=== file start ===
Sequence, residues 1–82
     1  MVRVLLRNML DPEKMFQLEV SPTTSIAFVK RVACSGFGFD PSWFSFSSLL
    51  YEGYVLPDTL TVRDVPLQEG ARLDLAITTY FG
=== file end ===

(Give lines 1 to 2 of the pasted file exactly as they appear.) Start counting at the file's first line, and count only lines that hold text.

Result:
Sequence, residues 1–82
     1  MVRVLLRNML DPEKMFQLEV SPTTSIAFVK RVACSGFGFD PSWFSFSSLL